Using Zoom video conferencing, a Singaporean judge on May 15 remotely sentenced a man to death by hanging. Punithan Genasan, 37, was found complicit in drug trafficking by coordinating 2 couriers to move 28.5 grams of heroin in 2011. Genasan denied any connection to the couriers but his defence was rejected. Genasan, a Malaysian national, was extradited to Singapore in January 2016, days after he was arrested in Malaysia.
The death penalty is always abhorrent, but to deliver this sentence, the harshest a defendant can receive, through the impersonal remoteness of a Zoom video call is utterly inhumane. This practice seems spurred on by the Covid-19 pandemic – earlier this month, a judge in Nigeria used a Zoom call to issue the death penalty to a man convicted of murder.
Under Singapore’s draconian Misuse of Drugs Act, the courts must impose the death penalty for drug offenses involving certain quantities of listed narcotics. There are some exceptions to this rule, none of which apparently applied in Genasan’s case.
Singapore is one of few countries that currently imposes the death penalty for drug offenses, a practice that is contrary to international human rights law. In doing so, Singapore joins the ranks of China, Iran, Saudi Arabia, and Vietnam, which all regularly execute people for drug offenses and have abysmal human rights records.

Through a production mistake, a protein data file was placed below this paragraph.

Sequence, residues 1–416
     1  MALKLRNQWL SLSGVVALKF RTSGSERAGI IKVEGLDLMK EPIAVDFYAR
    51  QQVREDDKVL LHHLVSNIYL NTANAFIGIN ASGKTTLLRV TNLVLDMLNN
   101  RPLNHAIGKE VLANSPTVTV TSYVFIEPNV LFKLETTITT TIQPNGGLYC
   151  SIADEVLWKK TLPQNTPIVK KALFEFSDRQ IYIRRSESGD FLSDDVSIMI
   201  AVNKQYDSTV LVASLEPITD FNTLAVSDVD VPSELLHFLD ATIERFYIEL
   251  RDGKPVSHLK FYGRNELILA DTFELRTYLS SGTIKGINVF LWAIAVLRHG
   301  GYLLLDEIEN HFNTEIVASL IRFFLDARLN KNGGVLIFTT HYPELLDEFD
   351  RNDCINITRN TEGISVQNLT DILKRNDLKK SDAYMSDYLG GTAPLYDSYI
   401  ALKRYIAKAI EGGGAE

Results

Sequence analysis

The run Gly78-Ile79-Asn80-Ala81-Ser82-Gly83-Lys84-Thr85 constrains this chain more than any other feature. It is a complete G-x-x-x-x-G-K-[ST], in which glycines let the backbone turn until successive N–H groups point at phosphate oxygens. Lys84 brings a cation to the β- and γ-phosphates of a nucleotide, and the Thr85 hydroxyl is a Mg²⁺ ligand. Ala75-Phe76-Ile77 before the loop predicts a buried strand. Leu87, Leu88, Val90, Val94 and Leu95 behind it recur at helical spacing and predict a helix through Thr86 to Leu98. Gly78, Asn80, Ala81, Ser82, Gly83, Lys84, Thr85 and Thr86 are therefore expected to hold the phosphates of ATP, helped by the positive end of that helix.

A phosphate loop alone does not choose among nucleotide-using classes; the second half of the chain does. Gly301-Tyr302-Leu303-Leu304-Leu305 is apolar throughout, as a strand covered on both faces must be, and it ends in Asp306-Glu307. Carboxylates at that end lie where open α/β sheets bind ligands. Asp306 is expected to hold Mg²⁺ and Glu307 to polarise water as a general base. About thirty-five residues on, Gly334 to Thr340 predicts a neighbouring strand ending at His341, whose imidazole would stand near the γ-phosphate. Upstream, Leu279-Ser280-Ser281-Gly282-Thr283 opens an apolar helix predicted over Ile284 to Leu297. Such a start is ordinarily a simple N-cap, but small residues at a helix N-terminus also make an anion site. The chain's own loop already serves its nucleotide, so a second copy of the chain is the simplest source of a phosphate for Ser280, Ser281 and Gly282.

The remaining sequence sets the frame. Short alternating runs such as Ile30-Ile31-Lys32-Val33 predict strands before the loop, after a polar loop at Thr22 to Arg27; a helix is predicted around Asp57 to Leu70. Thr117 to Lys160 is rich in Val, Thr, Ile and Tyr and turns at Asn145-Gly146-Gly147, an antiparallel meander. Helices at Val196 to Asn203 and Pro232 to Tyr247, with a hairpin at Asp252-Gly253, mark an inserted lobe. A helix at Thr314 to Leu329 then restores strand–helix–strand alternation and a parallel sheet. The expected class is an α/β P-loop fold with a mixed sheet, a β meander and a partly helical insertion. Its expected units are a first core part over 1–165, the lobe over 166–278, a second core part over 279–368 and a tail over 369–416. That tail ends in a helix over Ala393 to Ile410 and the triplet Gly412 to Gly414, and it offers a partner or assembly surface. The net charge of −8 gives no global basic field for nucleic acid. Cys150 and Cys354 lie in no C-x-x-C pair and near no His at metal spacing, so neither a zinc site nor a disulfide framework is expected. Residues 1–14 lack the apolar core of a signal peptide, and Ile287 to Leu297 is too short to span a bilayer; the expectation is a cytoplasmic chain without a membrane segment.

Human Rights Watch opposes the death penalty in all circumstances as an irreversible, degrading, and cruel punishment. Singapore should end its use of capital punishment, rather than find inventive ways to hand down such sentences during a global pandemic.
Singapore also still refuses to make public the scheduling of executions, leaving relatives of those condemned and their advocates under acute stress, struggling with uncertainty until the last minute.
The United Nations General Assembly has repeatedly called on countries to establish a moratorium on the death penalty with a view toward its eventual abolition. Singapore should join most UN member countries and act to abolish the death penalty.